2011-03-23 15:54:51A Plan for 100% Renewable Energy by 2050
dana1981
Dana Nuccitelli
dana1981@yahoo...
69.230.97.203

I happened upon a report written by energy consultant Ecofys very similar to James' zero net carbon Australia report.  This one is how to achieve 100% renewable energy production globally by 2050.  I drafted up a blog post.  Let me know if you have feedback.

2011-03-23 16:12:18TreeHugger
dana1981
Dana Nuccitelli
dana1981@yahoo...
69.230.97.203

By the way, I think this is a good candidate for TreeHugger.  It's been a while since we've had one published there, and I don't think they covered this report.

2011-03-23 17:50:27
MartinS

mstolpe@student.ethz...
80.218.206.88

@Dana: Perhaps you are also interested in:

Mark Z. Jacobson and Mark A. Delucchi (2011). "Providing all global energy with wind, water, and solar power, Part I: Technologies, energy resources, quantities and areas of infrastructure, and materials". Energy Policy

Such a WWS [wind, water, solar]infrastructure reduces world power demand by 30% and requires only 0.41% and 0.59%
more of the world’s land for footprint and spacing, respectively. We suggest producing all new energy
withWWSby 2030 and replacing the pre-existing energy by 2050. Barriers to the plan are primarily social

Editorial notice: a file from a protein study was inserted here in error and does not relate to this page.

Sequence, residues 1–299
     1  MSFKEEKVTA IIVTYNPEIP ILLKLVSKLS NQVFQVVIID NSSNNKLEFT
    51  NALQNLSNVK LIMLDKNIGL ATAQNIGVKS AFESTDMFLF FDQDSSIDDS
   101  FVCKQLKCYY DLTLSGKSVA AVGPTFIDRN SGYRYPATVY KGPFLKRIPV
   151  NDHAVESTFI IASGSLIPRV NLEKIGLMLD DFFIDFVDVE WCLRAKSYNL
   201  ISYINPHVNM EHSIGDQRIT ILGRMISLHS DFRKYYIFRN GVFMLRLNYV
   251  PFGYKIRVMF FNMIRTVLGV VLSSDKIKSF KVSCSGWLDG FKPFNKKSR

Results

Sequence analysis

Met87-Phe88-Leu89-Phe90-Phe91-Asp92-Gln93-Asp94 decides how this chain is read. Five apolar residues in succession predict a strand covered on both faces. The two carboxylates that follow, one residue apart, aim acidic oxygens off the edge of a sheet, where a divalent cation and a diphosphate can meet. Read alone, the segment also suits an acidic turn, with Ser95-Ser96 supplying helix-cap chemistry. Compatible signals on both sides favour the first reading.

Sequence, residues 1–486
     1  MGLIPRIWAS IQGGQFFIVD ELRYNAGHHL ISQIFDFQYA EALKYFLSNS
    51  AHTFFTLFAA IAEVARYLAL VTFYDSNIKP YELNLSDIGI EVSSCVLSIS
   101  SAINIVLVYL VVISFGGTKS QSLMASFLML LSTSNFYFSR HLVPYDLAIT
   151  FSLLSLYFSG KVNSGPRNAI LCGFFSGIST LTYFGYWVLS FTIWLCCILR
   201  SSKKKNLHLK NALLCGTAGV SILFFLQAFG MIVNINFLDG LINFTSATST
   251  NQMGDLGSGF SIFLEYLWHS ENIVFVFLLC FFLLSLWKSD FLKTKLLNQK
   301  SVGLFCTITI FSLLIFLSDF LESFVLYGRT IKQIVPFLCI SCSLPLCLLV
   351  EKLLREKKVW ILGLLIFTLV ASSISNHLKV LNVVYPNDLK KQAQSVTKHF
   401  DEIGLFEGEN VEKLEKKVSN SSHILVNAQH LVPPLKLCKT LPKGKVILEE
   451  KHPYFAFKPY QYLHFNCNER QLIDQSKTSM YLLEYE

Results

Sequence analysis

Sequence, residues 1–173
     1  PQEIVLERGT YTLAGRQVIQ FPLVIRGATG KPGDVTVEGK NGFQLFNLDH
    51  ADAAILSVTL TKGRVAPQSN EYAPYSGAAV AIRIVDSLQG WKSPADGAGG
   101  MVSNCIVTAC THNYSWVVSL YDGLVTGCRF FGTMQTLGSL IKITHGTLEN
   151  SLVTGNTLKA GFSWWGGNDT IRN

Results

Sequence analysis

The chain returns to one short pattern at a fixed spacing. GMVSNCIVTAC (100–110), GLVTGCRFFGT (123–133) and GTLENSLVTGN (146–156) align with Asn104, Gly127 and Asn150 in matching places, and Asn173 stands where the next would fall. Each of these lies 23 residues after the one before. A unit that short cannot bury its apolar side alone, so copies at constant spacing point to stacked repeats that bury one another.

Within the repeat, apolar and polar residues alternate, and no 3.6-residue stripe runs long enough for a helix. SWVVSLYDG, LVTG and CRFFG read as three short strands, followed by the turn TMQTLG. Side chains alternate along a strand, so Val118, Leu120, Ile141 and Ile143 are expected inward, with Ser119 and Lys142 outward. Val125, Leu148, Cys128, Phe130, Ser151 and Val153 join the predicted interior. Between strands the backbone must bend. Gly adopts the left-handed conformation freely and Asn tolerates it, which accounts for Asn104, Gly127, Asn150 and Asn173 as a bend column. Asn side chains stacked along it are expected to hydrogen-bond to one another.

and political, not technological or economic.

and:

Mark Z. Jacobson and Mark A. Delucchi (2011). "Providing all global energy with wind, water, and solar power, Part II: Reliability, system and transmission costs, and policies". Energy Policy

We find that the cost of energy in a 100%WWSwill be similar to the cost today. We conclude that
barriers to a 100% conversion to WWS power worldwide are primarily social and political, not
technological or even economic.

 




2011-03-24 02:14:08thanks
dana1981
Dana Nuccitelli
dana1981@yahoo...
64.129.227.4

Thanks Martin.  I'm going to limit this post to the Ecofys report - want to keep it simple for the possible TreeHugger re-post. 

That's a really interesting pair of papers though.  It will probably be the subject of my next post.

2011-03-24 08:47:33anyone?
dana1981
Dana Nuccitelli
dana1981@yahoo...
64.129.227.4

Anybody got comments?

2011-03-24 09:17:38Looks good
John Cook

john@skepticalscience...
121.222.20.55

I must confess I'm skeptical of their assumption that electricity use will be less in 2050 than now, seems overly optimistic to me. But interesting post, I like the projection of actual trends (like German renewables) into the future.

2011-03-24 09:19:54
nealjking

nealjking@gmail...
84.151.43.207

Where is the justification for the concept that these are actually achievable, as opposed to being graphically generated requirements?

2011-03-24 09:32:48realism
dana1981
Dana Nuccitelli
dana1981@yahoo...
64.129.227.4

This obviously isn't a realistic report, nor was the zero carbon Australia.  It's aimed at what's possible, not what's going to happen.  Realistically, no way do we upgrade the energy efficiency of 2-3% of buildings per year, globally.  Not in the near future anyway.  Maybe if we get desperate as climate change accelerates.  The good news is that solar and wind are already expanding as fast or faster than necessary to meet their goals.  Those are two big ones.